What is cathodoluminescence?
When an atom is bombarded by an electron beam, it can be more or less excited, and emit different radiations according to its nature and the intensity of the beam. This is how X-rays, secondary electrons, backscattered electrons or photons can be emitted. When the latter are in the visible range, it is called cathodoluminescence.
What is their utility in geology?
In geology, cathodoluminescence allows to have an image different from the one that can be obtained with transmitted light. The following applications are among the most common, although many others are probably just waiting to be discovered:
Terrigenous volcanic and metamorphic rocks and detritus:
Due to the very different behavior of minerals in cathodoluminescence, it's sometimes possible to easily distinguish two minerals that are usually very similar. Two plagioclases of slightly different compositions can thus give a very differentiable cathodoluminescence response. LC can also be used to highlight certain zonations, or to distinguish ghosts of recrystallized minerals. The habitus of certain quartz/feldspars in a breccia can also sometimes distinguish them from each other and determine their authentic or terrigenous origin.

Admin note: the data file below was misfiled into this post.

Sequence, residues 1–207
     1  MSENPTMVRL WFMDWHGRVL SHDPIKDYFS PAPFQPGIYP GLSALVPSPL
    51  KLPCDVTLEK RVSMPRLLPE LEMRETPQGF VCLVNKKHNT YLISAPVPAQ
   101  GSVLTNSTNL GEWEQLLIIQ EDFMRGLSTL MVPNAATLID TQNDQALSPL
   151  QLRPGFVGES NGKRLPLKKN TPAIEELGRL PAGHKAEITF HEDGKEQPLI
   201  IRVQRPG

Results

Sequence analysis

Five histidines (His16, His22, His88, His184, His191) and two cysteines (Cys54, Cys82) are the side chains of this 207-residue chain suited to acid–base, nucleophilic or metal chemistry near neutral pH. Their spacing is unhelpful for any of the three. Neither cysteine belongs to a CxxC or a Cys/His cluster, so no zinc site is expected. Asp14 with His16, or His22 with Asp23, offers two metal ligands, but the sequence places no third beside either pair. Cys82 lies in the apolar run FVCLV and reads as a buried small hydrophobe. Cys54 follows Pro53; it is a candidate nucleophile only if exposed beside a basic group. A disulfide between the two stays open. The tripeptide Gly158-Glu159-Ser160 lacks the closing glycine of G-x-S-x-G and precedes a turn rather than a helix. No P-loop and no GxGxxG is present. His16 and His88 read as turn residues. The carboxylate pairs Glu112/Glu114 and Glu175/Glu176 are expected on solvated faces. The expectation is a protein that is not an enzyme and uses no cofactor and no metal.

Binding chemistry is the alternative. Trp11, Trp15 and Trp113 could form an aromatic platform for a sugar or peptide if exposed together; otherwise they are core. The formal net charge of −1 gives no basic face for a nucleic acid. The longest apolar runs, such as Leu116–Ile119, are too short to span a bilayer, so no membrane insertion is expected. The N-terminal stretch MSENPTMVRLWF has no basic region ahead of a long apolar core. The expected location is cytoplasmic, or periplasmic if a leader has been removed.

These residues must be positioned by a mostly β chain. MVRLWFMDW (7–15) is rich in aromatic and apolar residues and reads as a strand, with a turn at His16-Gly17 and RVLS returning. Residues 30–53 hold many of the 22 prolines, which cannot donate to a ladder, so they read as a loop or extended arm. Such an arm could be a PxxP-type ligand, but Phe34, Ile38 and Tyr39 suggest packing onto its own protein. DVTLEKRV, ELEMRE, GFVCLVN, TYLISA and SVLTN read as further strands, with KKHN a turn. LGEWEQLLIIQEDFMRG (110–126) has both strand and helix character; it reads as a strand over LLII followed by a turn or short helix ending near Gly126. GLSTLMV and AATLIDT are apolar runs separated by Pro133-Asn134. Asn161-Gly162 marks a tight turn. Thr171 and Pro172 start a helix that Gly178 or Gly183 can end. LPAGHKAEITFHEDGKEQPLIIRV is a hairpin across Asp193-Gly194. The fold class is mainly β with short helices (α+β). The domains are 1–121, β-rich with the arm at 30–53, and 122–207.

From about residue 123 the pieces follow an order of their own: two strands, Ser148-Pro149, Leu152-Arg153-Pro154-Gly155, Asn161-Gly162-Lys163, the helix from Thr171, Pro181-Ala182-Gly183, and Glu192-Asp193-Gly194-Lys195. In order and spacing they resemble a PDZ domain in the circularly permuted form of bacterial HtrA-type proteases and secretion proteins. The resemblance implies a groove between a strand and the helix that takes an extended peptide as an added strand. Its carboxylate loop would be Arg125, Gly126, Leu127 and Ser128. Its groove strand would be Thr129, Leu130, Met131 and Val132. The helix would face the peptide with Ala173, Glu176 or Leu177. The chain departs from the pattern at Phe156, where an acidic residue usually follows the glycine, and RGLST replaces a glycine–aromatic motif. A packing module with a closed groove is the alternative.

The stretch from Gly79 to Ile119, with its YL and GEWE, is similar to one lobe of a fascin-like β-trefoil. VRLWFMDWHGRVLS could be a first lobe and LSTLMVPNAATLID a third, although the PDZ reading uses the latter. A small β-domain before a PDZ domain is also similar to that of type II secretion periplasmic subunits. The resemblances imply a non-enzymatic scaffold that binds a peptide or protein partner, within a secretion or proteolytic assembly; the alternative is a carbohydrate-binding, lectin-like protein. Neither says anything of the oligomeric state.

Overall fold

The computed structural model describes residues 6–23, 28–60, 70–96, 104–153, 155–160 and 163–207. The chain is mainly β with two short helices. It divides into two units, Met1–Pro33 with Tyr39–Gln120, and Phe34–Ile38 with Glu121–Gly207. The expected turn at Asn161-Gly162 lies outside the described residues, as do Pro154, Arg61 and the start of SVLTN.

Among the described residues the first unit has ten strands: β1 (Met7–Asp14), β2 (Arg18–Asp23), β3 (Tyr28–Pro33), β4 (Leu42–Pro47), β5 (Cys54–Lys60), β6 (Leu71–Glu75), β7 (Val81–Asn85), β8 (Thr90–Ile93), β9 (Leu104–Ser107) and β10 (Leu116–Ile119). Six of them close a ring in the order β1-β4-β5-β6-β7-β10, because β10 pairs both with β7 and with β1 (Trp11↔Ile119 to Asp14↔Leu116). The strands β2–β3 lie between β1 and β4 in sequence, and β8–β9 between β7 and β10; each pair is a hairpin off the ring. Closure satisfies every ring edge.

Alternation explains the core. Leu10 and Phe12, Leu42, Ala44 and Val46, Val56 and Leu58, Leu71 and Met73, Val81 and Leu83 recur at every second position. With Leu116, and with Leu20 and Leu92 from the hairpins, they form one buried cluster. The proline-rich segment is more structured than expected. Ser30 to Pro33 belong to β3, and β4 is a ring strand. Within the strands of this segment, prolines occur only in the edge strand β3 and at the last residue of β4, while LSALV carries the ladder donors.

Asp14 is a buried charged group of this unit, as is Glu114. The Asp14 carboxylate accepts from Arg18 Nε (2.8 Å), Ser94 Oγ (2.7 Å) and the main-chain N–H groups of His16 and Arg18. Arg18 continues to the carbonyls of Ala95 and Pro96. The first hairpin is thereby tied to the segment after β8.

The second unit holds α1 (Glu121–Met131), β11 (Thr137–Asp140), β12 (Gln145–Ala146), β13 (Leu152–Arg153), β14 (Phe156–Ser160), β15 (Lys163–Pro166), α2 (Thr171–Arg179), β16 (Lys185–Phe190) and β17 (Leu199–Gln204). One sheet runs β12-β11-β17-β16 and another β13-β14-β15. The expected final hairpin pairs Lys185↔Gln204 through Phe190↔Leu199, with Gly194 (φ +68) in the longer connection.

Carbonate rocks :
Calcite and dolomite are easily differentiated in CL. Two atoms seem to play a major role in the intensity of LC. Mn has an activating effect and Fe is an important inhibitor. A small variation in the Fe/Mn ratio can therefore induce a difference in cathodoluminescence. As Fe and Mn are often found as impurities in carbonates, their low mobility allows us to still distinguish fossils, clasts or other phantoms, even in fully recrystallized rocks. The variation of the parameters of P°, T°, pH, Eh influencing the distribution coefficient of these two elements, the cathodoluminescence also makes it possible sometimes to specify the cementing history of a rock.
For more details, please consult: D.J. Marshall (1988), Cathodoluminescence of geological materials, Allen & Unwin Inc, USA, available at the library and Baumgartner-Mora C.;Baumgartner P.O., 03-1994.Shell structure of fossil foraminifera studied by cathodoluminescence. European Microscopy and Analysis 28 pp. 35-38.
The best way to observe a rock in cathodoluminescence is with a thin, uncovered and polished blade. It is possible to make first tests without polishing but polishing is recommended, especially for photographs. The thickness is not important, but 30 microns is suitable.
Before putting the slides in the apparatus, be careful not to put your fingers on them and clean them with alcohol.
OPEA : Cold cathode luminescence model 8200 MkII